|Purpose||Historical study and research|
|Research and publications, lectures and events|
|Rt Rev. James Newcome, Bishop of Carlisle, Claire Hensman, Lord Lieutenant of Cumbria|
|Dr Rob David|
The Cumberland and Westmorland Antiquarian and Archaeological Society, founded in 1866, is a local historical, antiquarian, archaeological and text publication society and registered charity covering the modern county of Cumbria.
The society exists to "promote, encourage, foster" the combined studies of genealogy, history, custom and archaeology, within the boundaries of the non-metropolitan county of Cumbria (which, as well as the two titular historic counties of Cumberland and Westmorland, includes elements of historic Yorkshire and Lancashire).
The society was established in Penrith, Cumbria on 11 September 1866, with "five business and professional men from both counties" as founder-members.The then Earl of Lonsdale was appointed honorary president. One of the society's first official acts was to campaign for the protection of the Dunmail Raise cairn, and to organise an archaeological dig on the Low Borrow Bridge Roman fort, near Tebay. Membership rose to 115 by 1866 (with around a quarter being clergymen), and "includ[ed] three ladies". The society returned to the Low Borrow Bridge site, by then a scheduled monument, in 2011 and discovered further evidence as to the size of the camp, while in 2015 it was a joint funder of work into a dendrochronological dating on Kendal's fourteenth-century Castle dairy.
A publishing arm was created in 1877,and by 2015 was responsible for publishing its peer-reviewed journal The Transactions of the society, a triannual newsletter, and various dedicated book series for specific areas of interest (for example, the Extra Series, and those for Records, Research, and Tracts).
Sizergh Castle and Garden is a stately home and garden at Helsington in the English county of Cumbria, about 4 miles (6 km) south of Kendal. Located in historic Westmorland, the castle is a grade I listed building. While remaining the home of the Hornyold-Strickland family, the castle with its garden and estate is in the care of the National Trust.
Westmorland is a historic county in North West England. It formed an administrative county between 1889 and 1974, after which the whole county was administered by the new administrative and ceremonial county of Cumbria. The people of Westmorland are known as Westmerians. In April 2023, it is planned that local government in Cumbria will be reorganised into two unitary authorities, one of which is to be named Westmorland and Furness and would cover all of the historic county along with parts of historic Yorkshire, Lancashire and Cumberland.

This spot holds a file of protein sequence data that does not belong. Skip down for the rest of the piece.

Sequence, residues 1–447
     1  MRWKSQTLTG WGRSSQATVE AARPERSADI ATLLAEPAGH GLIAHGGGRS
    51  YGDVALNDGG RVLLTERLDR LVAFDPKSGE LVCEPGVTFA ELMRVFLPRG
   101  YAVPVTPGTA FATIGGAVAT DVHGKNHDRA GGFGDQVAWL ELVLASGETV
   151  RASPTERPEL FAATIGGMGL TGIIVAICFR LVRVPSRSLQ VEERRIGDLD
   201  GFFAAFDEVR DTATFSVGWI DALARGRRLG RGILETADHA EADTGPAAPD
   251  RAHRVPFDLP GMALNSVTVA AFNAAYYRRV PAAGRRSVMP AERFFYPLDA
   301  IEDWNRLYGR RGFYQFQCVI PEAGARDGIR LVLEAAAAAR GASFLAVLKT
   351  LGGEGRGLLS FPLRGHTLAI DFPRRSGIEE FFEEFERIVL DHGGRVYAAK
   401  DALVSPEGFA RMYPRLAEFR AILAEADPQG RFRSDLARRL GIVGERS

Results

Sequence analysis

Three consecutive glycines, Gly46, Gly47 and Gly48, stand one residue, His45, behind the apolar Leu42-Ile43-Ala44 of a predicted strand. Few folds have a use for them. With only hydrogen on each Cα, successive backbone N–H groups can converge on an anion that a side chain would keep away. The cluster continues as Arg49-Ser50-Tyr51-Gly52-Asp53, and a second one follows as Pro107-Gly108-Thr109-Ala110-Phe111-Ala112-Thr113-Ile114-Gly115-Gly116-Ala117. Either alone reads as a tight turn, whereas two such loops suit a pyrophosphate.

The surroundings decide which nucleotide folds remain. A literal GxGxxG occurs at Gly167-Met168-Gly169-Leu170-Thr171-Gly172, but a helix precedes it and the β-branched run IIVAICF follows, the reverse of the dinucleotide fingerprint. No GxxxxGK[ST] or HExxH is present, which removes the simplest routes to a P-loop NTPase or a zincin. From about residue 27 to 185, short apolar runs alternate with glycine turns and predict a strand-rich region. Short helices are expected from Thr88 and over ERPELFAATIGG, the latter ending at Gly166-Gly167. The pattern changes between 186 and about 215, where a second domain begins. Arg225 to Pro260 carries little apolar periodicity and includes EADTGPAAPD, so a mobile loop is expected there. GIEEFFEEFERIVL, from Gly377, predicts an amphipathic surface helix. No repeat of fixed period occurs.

The Carvetii were a Brittonic Celtic tribe living in what is now Cumbria, in North-West England during the Iron Age, and were subsequently identified as a civitas (canton) of Roman Britain.
Penrith is a market town and civil parish in the county of Cumbria, England, about 17 miles (27 km) south of Carlisle. It is less than 3 miles (5 km) outside the Lake District National Park, in between the Rivers Petteril and Eamont and just north of the River Lowther. It had a population of 15,181 at the 2011 Census.
The Barony of Kendal is a subdivision of the English historic county of Westmorland. It is one of two ancient baronies that make up the county, the other being the Barony of Westmorland. In 1974, the entire county became part of the modern county of Cumbria and ceased to have an administrative function. At the same time, Kendal borough along with some other rural and urban districts in Westmorland was merged with the neighbouring parts of Lancashire, Furness and Cartmel, and also the Sedbergh Rural District of the West Riding of Yorkshire into the new South Lakeland district of the new county.
Inglewood Forest is a large tract of mainly arable and dairy farm land with a few small woodland areas between Carlisle and Penrith in the English non-metropolitan county of Cumbria or ancient county of Cumberland.
The history of Cumbria as a county of England begins with the Local Government Act 1972. Its territory and constituent parts however have a long history under various other administrative and historic units of governance. Cumbria is an upland, coastal and rural area, with a history of invasions, migration and settlement, as well as battles and skirmishes between the English and the Scots.
Alauna was a castrum or fort in the Roman province of Britannia. It occupied a coastal site just north of the town of Maryport in the English county of Cumbria.